The Trojan War is thought to have taken place near the end of the Bronze Age, around or before 1200 B.C. At that time, a Greek civilization we call the Mycenaean was collapsing. The Mycenaens built great palaces and developed a system of writing, and their culture dominated the Greek world for about 300 years before their decline. In the "Iliad," the Greek forces are led by Agamemnon, the king of Mycenae.


The earliest accounts of this war come from Homer, a Greek author who lived around the eighth century B.C. — several centuries after the war supposedly took place. Homer's works were told through oral stories and do not appear to have been written down until even later, likely during the sixth century B.C.

Homer's "Iliad" is set in the 10th year of the Greeks' siege of Troy and tells of a series of events that appear to take place over a few weeks. The story makes clear that the siege had taken its toll on the Greek force sent to recover Helen. The "timbers of our ships have rotted away and the cables are broken 

By this point, the war had essentially become a stalemate, with the Greeks unable to take the city and the Trojans unable to drive the invading force into the sea. We "sons of the Achaians [Greeks] outnumber the Trojans — those who live in the city; but there are companions from other cities in their numbers, wielders of the spear to help them," the "Iliad" says (translation by Eric Robinson).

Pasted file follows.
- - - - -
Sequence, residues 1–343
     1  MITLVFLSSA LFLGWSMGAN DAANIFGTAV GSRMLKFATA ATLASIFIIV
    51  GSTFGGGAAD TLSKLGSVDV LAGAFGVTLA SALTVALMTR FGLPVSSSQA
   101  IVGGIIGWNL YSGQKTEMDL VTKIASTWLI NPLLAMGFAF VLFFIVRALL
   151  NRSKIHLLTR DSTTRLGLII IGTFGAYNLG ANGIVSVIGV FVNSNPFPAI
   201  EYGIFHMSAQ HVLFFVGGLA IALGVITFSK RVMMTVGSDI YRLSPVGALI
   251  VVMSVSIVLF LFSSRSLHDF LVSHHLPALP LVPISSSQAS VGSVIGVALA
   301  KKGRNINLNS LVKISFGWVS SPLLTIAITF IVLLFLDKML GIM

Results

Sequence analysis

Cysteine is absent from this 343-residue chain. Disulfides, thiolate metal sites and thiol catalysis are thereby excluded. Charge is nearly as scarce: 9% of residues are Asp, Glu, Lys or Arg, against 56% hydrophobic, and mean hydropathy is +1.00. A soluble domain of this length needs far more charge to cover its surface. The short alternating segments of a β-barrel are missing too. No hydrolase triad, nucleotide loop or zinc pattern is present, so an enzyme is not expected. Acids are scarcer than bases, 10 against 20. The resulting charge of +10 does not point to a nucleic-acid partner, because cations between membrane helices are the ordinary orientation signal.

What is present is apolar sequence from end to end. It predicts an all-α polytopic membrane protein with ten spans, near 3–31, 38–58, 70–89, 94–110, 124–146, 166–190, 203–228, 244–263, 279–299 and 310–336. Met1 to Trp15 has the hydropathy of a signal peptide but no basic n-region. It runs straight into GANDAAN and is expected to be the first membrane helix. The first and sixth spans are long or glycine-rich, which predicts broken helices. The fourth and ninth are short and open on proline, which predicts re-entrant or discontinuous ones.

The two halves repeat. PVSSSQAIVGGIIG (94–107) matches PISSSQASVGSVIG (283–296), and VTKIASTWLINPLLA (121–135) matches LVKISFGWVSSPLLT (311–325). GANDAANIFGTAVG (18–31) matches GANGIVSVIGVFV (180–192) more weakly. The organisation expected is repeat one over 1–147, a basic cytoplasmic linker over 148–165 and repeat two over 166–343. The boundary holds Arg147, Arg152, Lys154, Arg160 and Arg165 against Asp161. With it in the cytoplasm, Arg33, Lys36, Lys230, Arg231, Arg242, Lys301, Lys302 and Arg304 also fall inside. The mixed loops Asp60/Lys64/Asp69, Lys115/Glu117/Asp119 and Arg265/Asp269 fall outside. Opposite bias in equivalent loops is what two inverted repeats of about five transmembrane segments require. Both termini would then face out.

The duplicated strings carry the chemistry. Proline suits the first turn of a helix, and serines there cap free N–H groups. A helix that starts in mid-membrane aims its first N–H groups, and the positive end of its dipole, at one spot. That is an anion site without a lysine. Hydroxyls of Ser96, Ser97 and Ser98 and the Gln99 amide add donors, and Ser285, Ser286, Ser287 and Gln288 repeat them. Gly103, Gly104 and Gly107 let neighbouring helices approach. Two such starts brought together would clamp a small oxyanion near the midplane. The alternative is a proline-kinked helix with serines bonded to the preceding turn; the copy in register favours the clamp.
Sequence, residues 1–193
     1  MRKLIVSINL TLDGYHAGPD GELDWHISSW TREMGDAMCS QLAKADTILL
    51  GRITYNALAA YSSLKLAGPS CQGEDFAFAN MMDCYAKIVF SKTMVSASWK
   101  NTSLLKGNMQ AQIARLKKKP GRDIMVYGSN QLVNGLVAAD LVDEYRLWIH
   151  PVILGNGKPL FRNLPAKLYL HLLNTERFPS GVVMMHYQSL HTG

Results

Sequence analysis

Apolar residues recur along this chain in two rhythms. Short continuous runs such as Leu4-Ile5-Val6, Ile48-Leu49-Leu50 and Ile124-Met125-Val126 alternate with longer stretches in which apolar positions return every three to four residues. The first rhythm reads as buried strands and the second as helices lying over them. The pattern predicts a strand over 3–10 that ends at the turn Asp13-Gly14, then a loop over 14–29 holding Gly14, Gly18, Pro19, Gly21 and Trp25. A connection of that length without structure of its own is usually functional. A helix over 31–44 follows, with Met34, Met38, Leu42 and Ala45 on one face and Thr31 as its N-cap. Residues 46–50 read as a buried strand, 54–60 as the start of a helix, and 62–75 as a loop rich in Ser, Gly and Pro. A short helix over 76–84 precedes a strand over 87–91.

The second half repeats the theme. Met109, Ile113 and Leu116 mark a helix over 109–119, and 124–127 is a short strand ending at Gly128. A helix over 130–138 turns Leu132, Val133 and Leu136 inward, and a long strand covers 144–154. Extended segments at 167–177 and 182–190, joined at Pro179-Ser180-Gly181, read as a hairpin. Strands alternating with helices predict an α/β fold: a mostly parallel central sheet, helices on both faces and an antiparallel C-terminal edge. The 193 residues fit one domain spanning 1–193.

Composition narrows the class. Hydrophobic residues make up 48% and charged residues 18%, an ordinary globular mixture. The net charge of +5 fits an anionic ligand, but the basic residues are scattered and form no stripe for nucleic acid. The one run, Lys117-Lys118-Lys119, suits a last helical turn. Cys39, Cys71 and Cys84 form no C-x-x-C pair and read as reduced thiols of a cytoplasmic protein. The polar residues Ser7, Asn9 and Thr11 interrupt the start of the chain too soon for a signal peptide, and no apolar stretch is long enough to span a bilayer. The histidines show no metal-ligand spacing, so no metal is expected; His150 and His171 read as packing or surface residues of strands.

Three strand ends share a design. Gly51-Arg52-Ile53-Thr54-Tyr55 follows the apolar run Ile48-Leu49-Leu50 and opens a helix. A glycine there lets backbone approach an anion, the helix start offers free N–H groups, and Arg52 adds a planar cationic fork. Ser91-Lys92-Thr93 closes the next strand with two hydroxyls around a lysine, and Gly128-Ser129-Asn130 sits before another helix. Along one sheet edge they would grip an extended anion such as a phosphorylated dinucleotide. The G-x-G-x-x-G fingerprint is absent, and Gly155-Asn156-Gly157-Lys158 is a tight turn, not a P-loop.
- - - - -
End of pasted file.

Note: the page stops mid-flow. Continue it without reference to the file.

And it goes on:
A number of key events happen in the poem, including a duel between the Trojan Prince Paris and Menelaos (or Menelaus), the king of Sparta and husband of Helen. The winner is supposed to receive Helen as a prize, ending the war. However, the gods intervene to break up the duel before it is finished, and the war continues. 

Another important duel occurs near the end of the poem between Achilleus (or Achilles) and a great Trojan warrior named Hektor (or Hector). The Trojan knows that he's no match for the Greek warrior and initially runs three laps around Troy, with Achilleus chasing him. Finally, the gods force him to face the Greek warrior, and Hektor is killed. 

The site of Hisarlik, in northwest Turkey, has been identified as the site of the legendary Troy since ancient times. Archaeological research shows that it was inhabited for almost 4,000 years, starting around 3500 B.C. The city was constantly changing, and the settlement was destroyed and rebuilt repeatedly: After one city was destroyed, a new city would be built on top of it, creating a human-made mound called a "tell."


"There is no one single Troy; there are at least 10, lying in layers on top of each other," Gert Jan van Wijngaarden, a researcher at the University of Amsterdam in the Netherlands, wrote in a chapter of the book "Troy: City, Homer and Turkey" (W Books, 2013). 


The Trojan horse, the subterfuge that the Greeks used to enter the city of Troy is shown in this 19th-century engraving.